Why is the inclusion in poetry effective?Referring to conflict.
Conflict helps to bring out true meaning and understanding in a character. As the reader, we only get to fully understand and grasp a character's function and purpose when we are able to see their character revealed through conflict. Examples in literature can prove this. For example, John Proctor in Miller's work, "The Crucible," might represent this quite powerfully. It is only through social and personal conflict that we understand his depth and through which he becomes a figure of mythic moral and ethical proportions. While the conflict might be agonizing, it reveals much about the individual and allows to fully absorb their suffering and pain. It brings us closer to the character. Hector from "The Iliad" is another example. It is moments such as the conflict he feels to wish to stay with his wife and child and the duty he feels to fight Achilles, from which he knows he will lose, that garners the greatest amount of empathy from the reader. This moment is one wrought with conflict and one that allows us to better understand what it means to be Hector and brings us closer to him.
Your question is a bit vague - but I'll answer it this way. Without conflict, a story does not exist. Consider the four modes of writing: narrative, descriptive, expository and persuasive. The only one of these that tells a story is narrative. The other three are just essays - pontifications if you will - on some subject. And these are not necessarily for the purpose of entertaining. More often than not, they aren't entertaining.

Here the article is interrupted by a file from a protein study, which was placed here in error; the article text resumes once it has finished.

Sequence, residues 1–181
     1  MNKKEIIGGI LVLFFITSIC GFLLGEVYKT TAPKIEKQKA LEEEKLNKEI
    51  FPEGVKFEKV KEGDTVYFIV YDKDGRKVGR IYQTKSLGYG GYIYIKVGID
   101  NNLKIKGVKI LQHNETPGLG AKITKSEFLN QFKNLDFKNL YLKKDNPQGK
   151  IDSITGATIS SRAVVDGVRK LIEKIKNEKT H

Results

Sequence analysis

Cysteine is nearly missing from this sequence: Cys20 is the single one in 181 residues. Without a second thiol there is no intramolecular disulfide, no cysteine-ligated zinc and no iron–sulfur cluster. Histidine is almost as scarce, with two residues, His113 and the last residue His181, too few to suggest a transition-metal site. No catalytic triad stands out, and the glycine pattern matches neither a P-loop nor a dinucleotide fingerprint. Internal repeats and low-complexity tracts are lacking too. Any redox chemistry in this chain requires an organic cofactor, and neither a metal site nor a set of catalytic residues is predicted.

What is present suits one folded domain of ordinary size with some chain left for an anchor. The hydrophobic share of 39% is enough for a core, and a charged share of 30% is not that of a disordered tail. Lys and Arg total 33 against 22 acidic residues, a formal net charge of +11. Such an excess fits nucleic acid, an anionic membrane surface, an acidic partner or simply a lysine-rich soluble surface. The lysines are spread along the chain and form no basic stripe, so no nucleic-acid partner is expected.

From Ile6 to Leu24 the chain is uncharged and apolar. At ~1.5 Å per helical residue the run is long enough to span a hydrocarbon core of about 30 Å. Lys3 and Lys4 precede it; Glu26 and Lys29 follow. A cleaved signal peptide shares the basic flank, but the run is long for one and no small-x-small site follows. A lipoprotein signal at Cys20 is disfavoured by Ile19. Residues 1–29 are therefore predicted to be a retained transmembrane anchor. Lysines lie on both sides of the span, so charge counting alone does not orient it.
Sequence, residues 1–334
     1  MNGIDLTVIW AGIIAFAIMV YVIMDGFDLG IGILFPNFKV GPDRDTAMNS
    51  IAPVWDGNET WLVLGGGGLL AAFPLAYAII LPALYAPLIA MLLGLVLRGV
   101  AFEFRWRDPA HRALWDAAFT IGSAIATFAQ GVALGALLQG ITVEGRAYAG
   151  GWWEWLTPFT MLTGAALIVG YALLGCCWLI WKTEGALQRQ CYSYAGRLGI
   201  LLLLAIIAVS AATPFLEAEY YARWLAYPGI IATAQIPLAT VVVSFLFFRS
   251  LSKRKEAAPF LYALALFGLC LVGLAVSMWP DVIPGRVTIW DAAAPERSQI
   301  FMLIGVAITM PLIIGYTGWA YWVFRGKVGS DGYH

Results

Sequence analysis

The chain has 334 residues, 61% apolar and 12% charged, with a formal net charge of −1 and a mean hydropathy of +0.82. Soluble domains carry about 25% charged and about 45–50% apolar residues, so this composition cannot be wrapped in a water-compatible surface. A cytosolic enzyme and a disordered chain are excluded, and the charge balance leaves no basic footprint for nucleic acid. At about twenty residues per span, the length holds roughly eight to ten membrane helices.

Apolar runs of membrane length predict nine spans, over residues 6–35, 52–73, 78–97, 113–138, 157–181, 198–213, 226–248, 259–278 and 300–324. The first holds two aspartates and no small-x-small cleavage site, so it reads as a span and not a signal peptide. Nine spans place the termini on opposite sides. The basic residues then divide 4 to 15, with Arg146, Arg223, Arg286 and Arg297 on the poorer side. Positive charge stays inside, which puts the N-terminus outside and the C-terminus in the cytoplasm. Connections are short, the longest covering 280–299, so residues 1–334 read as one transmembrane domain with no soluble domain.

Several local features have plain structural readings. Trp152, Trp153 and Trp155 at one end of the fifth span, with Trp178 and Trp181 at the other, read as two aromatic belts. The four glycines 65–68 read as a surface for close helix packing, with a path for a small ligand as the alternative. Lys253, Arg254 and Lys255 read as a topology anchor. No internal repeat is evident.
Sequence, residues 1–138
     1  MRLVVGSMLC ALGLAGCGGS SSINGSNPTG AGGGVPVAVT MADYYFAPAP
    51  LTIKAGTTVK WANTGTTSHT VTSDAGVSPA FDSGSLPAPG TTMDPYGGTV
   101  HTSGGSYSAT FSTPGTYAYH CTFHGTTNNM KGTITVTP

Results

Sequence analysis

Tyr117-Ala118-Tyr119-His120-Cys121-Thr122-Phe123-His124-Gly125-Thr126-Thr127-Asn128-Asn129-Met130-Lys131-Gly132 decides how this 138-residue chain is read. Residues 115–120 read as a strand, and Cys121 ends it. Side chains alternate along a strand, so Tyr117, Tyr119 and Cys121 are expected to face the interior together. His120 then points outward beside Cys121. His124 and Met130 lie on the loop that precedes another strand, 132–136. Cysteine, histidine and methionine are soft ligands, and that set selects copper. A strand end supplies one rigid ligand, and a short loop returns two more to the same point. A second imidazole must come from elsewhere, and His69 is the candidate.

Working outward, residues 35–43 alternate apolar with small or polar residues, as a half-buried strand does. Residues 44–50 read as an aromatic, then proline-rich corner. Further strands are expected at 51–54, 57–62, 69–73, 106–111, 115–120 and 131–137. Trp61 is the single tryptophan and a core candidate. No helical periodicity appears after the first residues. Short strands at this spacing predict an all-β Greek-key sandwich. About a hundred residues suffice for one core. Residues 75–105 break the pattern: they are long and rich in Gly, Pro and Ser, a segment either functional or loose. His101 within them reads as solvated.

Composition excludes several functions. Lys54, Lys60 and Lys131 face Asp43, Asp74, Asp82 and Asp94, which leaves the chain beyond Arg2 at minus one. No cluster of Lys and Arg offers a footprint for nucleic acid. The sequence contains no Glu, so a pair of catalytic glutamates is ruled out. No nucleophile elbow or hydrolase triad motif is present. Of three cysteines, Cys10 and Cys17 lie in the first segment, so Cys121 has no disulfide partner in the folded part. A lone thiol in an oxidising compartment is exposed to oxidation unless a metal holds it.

But narrative. Narratives entertain. Why is conflict necessary for a narrative? Well, conflict is interesting period. The entire premisis of what we humans enjoy about stories is the big problem, was it solved, and how? This is likely because we all experience problems on a daily basis. And in our daily lives, aren't these what make existance interesting? Reading about other people's problems is always fun because they aren't ours - and then we make comparisons of ourselves to others and enjoy thinking, "Well, my life could be worse."